Secondly, our Assembly disallow the parity.Secondly, Our Assembly urged by the dissenting Brethren, there­in dissenting from themselves) to prove by Scripture, the sub­ordination of their several Courts, to wit, Consistories, classes, Provincial Synods and general Assembly's; because as they say, the inferiority, and superiority of officers were so distinguished in the Apostles time, as they prove by this text, Ephes. 4.11. The Assembly calling to mind the dissenters former assertion, a­bout the parallelness of the orders,Ans. to diss. p: 14. London 1648. betwixt the Prophets and the Evangelists, shape them this answer: That for ought there appears, the Evangelist might as well be of a parallel order with Pastors and Teachers, as with Prophets. The consequence whereof must be both a plain denyal of the objection, which the assembly also doth in the forecited place; and (whereof perhaps they were not a­ware) a direct confutation of Calvines (and consequently of their own) opinion of the Evangelists nextness to the Apostles; This text being singly alledged by him in proof of that notion, for were the Evangelists next to the Apostles, so as to apply their places, in constituting, or governing all, or many Churches; no question can be made whither they and Pastors be of a parallel order, unless Pastors as well as Evangelists, be extraordinary: and this text treat onely of extraordinary Officers, for the yet con­tinuing Pastor (or Presbyter, for of him onely Calvinists under­stand that term) is not as they say, the Evangelist was, next i [...] office to the Apostles, and doth not supply their place in con­stituting, or governing all, or many Churches. But if he be, then the middle wall betwixt ordinary and extraordinary officeers is taken down, and all offices are laid in common.

This notion therefore about the parallelness of the orders, betwixt the Prophets and Evangelists, will not unty, but more in­tangle, the knot of this difficulty, concerning the Presbyterian lo­cation of the Evangelist, however it adviseth to a true exposition of the five terms Apostles, Prophets, Evangelists, &c.The five terms, Apo­stles, Pro­phets, &c. ex­pounded. we shall do it, or endeavour to do it, with all possible brevity, and plainness.

First. Negatively, shewing what they were not.First ne­gatively they were not seve­ral orders.

Secondly, Positively declaring what they were.

First, Negatively, they were not several orders of teaching Church-officers. The affirmative is maintained by Beza, Zan­chius, Piscator, Because and Henderson (as we have before heard) but o­ther reason, either there, or elsewhere in their writings, besides their bare say-so, they do not give. This might be turned off, with as bare and peremptory a denyal; but we study the Rea­ders satisfaction,First, ascen­ded Christ ra­tified only two orders of officers. and will assign reasons why we cannot even orders, with the terms Apostles, Prophets, Evangelists &c.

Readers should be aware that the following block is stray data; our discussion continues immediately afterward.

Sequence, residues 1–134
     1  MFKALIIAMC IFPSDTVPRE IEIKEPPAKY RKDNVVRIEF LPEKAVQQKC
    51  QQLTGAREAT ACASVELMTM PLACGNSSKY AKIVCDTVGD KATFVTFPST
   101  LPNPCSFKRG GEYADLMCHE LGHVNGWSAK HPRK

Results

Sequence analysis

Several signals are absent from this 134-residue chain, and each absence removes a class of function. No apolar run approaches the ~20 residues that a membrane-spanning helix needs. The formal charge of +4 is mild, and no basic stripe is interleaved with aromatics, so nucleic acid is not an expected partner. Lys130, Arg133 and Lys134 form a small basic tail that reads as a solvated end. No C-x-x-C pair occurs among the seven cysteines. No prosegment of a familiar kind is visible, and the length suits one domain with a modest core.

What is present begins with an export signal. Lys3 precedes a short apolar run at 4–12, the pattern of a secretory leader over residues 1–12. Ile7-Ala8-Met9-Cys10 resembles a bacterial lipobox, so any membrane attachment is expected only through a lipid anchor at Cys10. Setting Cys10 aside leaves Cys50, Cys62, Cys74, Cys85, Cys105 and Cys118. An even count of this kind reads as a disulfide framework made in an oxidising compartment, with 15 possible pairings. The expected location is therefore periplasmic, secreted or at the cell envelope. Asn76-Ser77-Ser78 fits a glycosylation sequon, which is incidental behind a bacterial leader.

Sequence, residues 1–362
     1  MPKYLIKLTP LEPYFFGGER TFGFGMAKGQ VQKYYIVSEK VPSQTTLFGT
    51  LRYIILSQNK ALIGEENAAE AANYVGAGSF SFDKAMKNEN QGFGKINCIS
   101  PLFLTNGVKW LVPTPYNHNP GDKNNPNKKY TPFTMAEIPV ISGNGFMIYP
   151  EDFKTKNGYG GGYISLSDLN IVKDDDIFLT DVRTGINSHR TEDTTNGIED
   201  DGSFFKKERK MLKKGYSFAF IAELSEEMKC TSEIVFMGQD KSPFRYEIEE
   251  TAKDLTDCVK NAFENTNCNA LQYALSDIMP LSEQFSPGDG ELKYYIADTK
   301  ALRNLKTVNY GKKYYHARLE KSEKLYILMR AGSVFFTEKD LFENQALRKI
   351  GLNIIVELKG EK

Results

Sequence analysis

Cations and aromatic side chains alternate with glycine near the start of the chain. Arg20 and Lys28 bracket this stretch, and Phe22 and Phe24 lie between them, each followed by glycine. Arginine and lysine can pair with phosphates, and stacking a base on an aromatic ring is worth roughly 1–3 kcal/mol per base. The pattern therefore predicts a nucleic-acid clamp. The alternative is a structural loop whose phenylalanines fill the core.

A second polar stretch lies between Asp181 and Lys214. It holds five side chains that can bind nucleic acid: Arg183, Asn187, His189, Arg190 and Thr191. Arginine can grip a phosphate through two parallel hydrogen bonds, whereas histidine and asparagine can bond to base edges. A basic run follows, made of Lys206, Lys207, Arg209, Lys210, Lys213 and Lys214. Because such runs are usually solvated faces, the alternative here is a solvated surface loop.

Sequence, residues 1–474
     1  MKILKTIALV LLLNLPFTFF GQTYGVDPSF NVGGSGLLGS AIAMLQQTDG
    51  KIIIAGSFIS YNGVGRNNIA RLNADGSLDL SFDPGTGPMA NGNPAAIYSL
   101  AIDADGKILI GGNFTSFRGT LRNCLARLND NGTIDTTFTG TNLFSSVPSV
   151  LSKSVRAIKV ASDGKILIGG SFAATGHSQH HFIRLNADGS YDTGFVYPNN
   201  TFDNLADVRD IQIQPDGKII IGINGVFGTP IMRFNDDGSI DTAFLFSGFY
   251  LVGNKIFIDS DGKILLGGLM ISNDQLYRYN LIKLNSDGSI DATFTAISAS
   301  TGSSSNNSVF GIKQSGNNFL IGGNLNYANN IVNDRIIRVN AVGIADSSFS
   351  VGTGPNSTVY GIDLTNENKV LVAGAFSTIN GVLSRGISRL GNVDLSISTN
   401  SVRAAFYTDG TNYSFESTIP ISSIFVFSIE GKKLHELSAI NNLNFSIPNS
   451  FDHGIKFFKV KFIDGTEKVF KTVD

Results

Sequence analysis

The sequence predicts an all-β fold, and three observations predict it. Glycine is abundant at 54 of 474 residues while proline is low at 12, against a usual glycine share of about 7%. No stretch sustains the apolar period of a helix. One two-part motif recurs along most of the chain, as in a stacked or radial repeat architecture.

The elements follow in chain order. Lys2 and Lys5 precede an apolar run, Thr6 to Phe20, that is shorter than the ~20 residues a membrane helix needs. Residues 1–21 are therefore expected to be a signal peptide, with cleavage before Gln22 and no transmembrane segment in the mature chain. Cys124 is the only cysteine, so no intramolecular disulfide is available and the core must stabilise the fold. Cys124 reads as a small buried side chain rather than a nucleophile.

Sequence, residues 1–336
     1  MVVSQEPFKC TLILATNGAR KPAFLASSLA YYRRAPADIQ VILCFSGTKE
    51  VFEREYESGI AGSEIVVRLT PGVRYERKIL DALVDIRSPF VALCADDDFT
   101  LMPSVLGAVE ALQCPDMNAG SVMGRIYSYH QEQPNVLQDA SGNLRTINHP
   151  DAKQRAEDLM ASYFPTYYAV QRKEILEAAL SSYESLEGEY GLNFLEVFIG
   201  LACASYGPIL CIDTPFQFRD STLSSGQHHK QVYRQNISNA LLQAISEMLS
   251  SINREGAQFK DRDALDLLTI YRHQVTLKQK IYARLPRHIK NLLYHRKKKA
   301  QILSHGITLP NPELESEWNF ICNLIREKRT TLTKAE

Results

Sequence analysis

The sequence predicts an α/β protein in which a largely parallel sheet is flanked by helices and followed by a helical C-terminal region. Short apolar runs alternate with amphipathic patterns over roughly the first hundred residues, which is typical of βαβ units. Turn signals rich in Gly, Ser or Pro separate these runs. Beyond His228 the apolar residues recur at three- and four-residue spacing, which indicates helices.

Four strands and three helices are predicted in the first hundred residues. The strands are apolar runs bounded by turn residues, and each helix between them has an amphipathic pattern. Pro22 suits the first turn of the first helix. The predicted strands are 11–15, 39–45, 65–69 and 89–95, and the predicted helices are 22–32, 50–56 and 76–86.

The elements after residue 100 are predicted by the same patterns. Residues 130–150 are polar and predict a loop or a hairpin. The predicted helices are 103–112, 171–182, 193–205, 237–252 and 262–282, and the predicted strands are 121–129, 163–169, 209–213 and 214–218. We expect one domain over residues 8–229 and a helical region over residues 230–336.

First, Ascended Christ [...]atified those, and only those orders of teaching Church-officers, whom he constituted while de­ [...]cended, because he who ascended is also the same who descen­ded,See my reasons for Christs sole Legislatorship pag. 83. &c. and in both capacities, He gave some Apostles, &c. Eph. 4, 8, 9, 10.11. But descended Christ appointed only two orders of teaching Church-officers, The twelve Apostles, Mat. 10.1. and the [...]venty Disciples, Luk. 16.1. Now if the number be augmented after the Ascension, how can he who descended,Dandi vo­cabulum in­nuit, non esse hoc inventum mandatum sed sacrosanctam Christi insti­tutionem, quod regitur eccle­sia verbi prae­dicatione ne­que enim Apo­stoli, se ipsi crearunt sed e­lecti fuerunt a Christo. Calv. ad Eph. 4.11. and he who ascended be the same. This no doubt Calvin eyed when he saith, The word give intimateth this is not an invented command, but Christs holy institution, that the Church be governed by preach­ing of the Word, for neither the Apostles created themselves, but were elected by Christ. Thus he. But certainly to vary the or­ders of teaching Church-officers, by making them more or less, [...]ccording to the several states of Christs ascending, and descen­ding, must imply the addition of power in one state, which he wanted in another, and consequently that he who descended, and he who ascended is not the same in power, and virtue; [...]either will this text be of any force against the Nestorians, (though Jerom use it) to prove that the Son of God, and the [...]on of man are not distinct persons, but both one, because St. [...]aul saith, he who descended, and he who ascended is the same. But [...]ather those hereticks are in the right,Vid. Est­thium in loc. since the highest refor­mists (or those who would be accounted such) vary, and alter the orders of Church-officers according to those several estates of Christ. Besides this confining the teaching Ministry unto two orders is not my private inference from those Texts, Da­masus Bishop of Rome (St. Jeroms contemporary) gives this ve­ry reason for the unchairing of the Chorepiscopi, or Rural Bi­shops. He saith, Those Chorepiscopi are prohibited as well by this [Page 54] sacred See (Rome) as by the Bishops of tbe whole world, Chorepisco­pi tam ab hac sacra sede quam ab epis­copis totius or­bis prohibiti sunt, nimis e­nim eorum in­stitutio impro­ba est & pra­va quia etsi de summo sacer­dotii ministe­rio aliquid presumant; om­ni tamen au­thoritate ca­rent nam non amplius quam duos ordines inter dicipulos domini esse cognovimus i. e. duodecim Apostolorum, & septuagin­ta duorum dis­cipulorum. Ʋnde iste ter­tius processe­rit ignoramus & quod rati­one caret ex­tirpare neces­se est damasus apud feruti­an. 1. libro decret di­stinct. 68. for their in­stitution is overmuch improbous, and wicked, because although they presume to do somewhat appertaining to the chief Sacerdotal Mini­stry, yet they want all authority. For we have not known any more then two orders among the disciples of the Lord. i. e. the twelve Apostles, and seventy two disciples, whence the third proceeded we are ignorant. And what is void of reason of ne­cessity must be extirpated.